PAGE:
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Take this waltz - Leonard Cohen transcreation of Frederico Garcia Lorca

Updated: Oct 28, 2020

‘O woodcutter, cut my shadow’ - Frederico Garcia Lorca

‘There’s a crack in everything, that’s how the light gets in’ - Leonard Cohen Prophet, poet, singer, songwriter, vate and pilgrim Leonard Cohen cites Frederico Garcia Lorca as a deep influence in his life, so much so that he named his daughter Lorca after the Spanish poet. Cohen was asked to translate Lorca’s “Little Viennese Waltz” and the result was this epiphany of sound and desire. A note on the history and context of this song describes its conception: In a 1992 interview, Cohen noted it took 150 hours to get the translation right, “…just to get it into English that resembled – I would never presume to say duplicated – the greatness of Lorca’s poem.”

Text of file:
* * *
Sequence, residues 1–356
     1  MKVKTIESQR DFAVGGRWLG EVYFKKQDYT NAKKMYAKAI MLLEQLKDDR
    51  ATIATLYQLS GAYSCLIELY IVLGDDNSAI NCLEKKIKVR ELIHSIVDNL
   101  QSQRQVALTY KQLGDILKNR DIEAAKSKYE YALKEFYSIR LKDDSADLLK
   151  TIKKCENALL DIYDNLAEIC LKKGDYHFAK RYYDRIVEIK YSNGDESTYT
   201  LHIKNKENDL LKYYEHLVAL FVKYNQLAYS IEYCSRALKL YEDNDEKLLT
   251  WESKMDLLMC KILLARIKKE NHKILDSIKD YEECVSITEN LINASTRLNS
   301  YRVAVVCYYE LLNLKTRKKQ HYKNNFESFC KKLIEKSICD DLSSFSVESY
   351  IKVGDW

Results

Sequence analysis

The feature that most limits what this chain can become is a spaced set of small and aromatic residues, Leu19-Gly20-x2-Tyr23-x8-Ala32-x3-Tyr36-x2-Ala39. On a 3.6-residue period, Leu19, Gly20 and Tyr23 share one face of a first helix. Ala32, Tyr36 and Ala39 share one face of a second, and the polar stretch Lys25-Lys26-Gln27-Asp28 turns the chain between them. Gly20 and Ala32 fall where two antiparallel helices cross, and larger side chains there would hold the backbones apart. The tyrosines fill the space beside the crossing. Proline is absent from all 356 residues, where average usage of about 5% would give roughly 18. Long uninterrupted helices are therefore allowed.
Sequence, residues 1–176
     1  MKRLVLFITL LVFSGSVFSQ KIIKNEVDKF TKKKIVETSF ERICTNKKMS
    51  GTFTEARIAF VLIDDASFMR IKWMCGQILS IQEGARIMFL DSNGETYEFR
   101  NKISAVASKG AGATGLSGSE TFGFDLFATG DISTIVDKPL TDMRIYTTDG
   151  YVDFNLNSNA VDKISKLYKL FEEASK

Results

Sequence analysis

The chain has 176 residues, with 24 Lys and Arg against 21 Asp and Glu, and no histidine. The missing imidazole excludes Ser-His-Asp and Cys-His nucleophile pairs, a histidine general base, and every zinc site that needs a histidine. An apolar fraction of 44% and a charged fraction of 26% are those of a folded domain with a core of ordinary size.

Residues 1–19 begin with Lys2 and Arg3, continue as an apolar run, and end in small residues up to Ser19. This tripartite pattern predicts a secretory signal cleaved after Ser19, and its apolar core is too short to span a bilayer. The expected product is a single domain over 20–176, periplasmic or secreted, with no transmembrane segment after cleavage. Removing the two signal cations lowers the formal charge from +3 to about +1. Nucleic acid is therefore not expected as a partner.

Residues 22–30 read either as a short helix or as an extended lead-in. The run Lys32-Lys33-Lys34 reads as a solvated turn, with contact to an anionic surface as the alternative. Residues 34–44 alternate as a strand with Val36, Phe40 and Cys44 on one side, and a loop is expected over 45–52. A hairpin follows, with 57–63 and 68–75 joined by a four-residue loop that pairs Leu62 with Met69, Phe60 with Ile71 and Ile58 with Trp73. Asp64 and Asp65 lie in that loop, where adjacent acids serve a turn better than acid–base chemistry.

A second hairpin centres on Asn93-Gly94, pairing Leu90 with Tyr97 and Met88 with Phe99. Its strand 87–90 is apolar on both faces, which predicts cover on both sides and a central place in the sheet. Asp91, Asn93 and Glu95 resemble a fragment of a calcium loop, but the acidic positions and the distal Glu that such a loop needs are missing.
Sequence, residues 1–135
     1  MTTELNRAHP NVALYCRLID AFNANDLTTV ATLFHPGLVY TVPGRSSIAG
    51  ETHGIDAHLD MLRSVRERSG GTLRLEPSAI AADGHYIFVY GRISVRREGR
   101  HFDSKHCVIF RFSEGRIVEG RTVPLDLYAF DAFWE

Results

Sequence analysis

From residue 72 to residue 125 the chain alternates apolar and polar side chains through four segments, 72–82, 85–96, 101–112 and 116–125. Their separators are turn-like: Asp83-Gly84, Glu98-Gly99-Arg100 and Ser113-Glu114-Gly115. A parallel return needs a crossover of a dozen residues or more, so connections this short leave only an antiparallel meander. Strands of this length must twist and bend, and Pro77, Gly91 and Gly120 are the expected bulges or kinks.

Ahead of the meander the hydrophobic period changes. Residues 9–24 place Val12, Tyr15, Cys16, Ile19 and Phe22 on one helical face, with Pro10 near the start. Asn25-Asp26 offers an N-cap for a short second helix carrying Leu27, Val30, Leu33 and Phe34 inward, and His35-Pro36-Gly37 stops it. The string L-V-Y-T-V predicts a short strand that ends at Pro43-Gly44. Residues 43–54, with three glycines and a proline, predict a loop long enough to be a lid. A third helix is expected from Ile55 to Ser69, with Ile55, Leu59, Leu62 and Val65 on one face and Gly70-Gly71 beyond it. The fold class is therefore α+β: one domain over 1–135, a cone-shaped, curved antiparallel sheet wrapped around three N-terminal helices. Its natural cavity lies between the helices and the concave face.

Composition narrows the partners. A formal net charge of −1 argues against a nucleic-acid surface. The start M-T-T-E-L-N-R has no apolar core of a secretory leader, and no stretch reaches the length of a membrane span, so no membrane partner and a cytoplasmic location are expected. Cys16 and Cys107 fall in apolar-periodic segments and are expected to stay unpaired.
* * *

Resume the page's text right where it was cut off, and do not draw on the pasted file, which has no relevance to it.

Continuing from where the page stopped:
The Canadian was no stranger to Vienna itself, having performed here on several occasions. In 1984, he said of local audiences:

“In Vienna, there’s a certain value placed on vulnerability. They like to feel you struggling. They’re warm, compassionate.”


This is a city song. a poem about desire, pulse and passion. a waltz about memory, nostalgia and the cinematic eye of a heart that has learnt the meaning of surrender. What magic happens when a poet riffs on another poet! This was originally released as a tribute to Lorca, a part of “The Poets in New York” album and it retains the smell of Lorca’s anti-establishment entreaty, his melancholic beauty- ‘Take this waltz with the clamp on its jaws’ , ‘Take its broken waist in your hand’ .


“This poet ruined my life”, Cohen said of Lorca. His translation of Lorca is liberal and he finds himself within the shimmering froth of his sea of metaphor. I have loved and known Cohen through his songs, I have felt that sublime silence, that fetterless abandon, when he says “I want you, I want you, I want you”. I have met that measureless deep, and it is a gift of darkness (tipping hat to mary oliver) that I’d like to share with you today. Note: Don’t miss the song. I’ve shared his “You want it darker” before on Poetly, too.



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